"Oh tell us, Poet, what do you do? ~ I Praise.
But the dark, the deadly, the desperate ways,
How do you endure them ~ how bear them? ~
~Rainer Maria Rilke
We are discussing Art. What is art, what is non-art. Can there be a created thing that fails to be art? Can there be a thing that has so completely lost it's beauty, it's truth, it's goodness that it is in no way Art, that it crumbles and will not endure? As I understand her, Jenna is saying that there is no such thing - all our communications, banal to beautiful, blessings to curses - all are art. I can't agree.
I'd like to be mistaken, I'd like her to mean that all of life has the potential to call forth Art, that for the artist, the smallest thing has riches that can brought to light. I would agree. It is the way in which we fling ourselves into experience, into the light and darkness of life that makes the experience artistic, the ability to "say them more intensely than the Things themselves ever dreamed of existing" that turns the Thing to art: absorbing, nourishing, growing, and then making the experience anew - so that it touches beauty and endures- which makes Art.
It is only for God that every communication is Art, and that is because, for Him, all of eternity is "a great recognizing, seeing-again, and being welcomed." All of life is one great intimacy, and in all His works runs the beauty of the Divine imagination. Some of His art fails, because it is living art, with a will of it's own, and runs from it's beauty, but the Artist has not failed to make art. For us it is different, our communications fail, we fail. We are not intimate enough, with ourselves and with our world to call forth it's beauty. When we are able to take an experience and make it intense, alive, and enduring, then we make art; but not all of our words are living, and none are the Word: none are Beauty incarnate, we have no certainty that what we produce is Art.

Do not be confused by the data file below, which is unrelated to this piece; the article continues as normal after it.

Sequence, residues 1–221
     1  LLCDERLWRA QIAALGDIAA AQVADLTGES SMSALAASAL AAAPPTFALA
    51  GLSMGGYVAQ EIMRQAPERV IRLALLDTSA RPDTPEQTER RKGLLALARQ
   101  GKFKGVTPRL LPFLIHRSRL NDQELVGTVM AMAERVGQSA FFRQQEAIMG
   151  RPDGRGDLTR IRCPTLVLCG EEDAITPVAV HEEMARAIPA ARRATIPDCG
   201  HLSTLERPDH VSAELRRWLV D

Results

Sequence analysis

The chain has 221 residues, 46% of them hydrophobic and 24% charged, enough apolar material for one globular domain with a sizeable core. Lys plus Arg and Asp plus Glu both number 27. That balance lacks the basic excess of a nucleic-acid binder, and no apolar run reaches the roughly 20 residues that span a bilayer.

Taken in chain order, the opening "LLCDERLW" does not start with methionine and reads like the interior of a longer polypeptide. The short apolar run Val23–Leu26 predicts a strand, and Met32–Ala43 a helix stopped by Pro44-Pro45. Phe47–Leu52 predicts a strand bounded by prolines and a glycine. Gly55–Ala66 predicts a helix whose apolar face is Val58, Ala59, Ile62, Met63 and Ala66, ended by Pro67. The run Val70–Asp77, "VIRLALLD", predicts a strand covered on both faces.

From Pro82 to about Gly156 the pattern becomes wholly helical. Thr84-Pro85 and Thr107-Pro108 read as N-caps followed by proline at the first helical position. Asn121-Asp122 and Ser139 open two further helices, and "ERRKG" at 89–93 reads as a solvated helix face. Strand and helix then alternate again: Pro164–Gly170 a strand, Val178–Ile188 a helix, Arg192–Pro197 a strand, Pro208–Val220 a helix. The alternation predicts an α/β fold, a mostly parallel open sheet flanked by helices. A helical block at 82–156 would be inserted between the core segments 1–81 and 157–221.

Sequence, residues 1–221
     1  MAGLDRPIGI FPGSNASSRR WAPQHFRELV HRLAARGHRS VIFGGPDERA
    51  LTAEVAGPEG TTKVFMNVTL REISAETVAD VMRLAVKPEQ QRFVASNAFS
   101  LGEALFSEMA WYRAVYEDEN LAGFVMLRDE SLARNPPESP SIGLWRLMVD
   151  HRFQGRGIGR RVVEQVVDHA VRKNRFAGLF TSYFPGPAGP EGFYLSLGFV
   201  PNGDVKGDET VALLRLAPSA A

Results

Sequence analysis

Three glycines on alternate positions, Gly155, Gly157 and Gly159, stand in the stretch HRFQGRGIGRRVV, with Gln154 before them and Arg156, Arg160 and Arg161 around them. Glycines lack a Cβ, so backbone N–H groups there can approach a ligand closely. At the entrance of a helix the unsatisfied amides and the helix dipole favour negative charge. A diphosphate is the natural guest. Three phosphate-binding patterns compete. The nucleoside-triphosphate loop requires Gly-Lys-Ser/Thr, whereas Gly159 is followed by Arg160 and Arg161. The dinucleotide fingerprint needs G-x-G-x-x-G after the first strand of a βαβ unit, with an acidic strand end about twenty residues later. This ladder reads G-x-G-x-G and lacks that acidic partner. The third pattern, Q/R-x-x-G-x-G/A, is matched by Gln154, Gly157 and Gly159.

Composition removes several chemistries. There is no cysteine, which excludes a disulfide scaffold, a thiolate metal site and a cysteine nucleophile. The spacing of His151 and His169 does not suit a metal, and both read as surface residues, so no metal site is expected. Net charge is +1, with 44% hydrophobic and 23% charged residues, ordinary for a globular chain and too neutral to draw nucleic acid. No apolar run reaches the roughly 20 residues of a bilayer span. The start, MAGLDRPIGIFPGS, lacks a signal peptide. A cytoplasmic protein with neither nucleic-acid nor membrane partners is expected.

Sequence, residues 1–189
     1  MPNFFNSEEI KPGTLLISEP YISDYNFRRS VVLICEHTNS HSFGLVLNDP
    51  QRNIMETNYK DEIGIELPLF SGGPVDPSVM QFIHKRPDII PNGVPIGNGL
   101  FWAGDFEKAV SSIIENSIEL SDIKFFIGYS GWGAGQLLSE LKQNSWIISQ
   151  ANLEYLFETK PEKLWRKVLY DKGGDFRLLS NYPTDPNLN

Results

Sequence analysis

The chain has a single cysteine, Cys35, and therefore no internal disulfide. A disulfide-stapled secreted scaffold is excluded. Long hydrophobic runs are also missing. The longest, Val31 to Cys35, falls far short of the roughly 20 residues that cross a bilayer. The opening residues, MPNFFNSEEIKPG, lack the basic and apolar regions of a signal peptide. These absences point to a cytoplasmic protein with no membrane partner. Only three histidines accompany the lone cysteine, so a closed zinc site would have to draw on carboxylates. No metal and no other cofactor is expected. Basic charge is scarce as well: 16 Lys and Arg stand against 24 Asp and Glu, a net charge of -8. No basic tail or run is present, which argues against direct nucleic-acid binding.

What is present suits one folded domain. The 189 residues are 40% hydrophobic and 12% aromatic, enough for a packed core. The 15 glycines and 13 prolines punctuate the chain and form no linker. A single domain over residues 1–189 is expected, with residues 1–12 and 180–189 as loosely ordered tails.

John Paul II reminds us that "not all are called to be artists," though all are called to craft their lives in imitation of Christ, there is a distinction. The artist is not only called to, but also given the gift of an ability to "respond to the demands of art, and faithfully to accept art's dictates." (Letter to Artists). That art makes demands which must be accepted by the artist, enforces the fact that art is more than a passive thing - nothing more than communication, demanding nothing: not talent, not discipline, not devotion from the artist. Communication is an essential aspect of Art, but not the only aspect. Objective beauty is also an essential aspect of art, and if beauty, the "visible form of the good" cannot be found, the work is not art, for "beauty is the vocation bestowed on [the artist] by the Creator" (LtA).
In so many ways, art is like faith, "a path to the inmost reality of man and of the world" (LtA); it opens the door to faith. Through beauty it reveals truth, and without both truth and beauty, art cannot exist. It would be wrong to assume that all communications, even those lacking both beauty and truth could be art in anyway, it does a disservice to truth, and to the human soul, which longs to be nourished on a beauty that "will save the world" (Dostoevsky). It inserts relativism into the understanding of art, a relativism which, by refusing to distinguish between art and non-art, steals away all the value and meaning of art, by making it passive, a simple act of existence - people must communicate - instead of what it is "a battle for Life" (Rilke).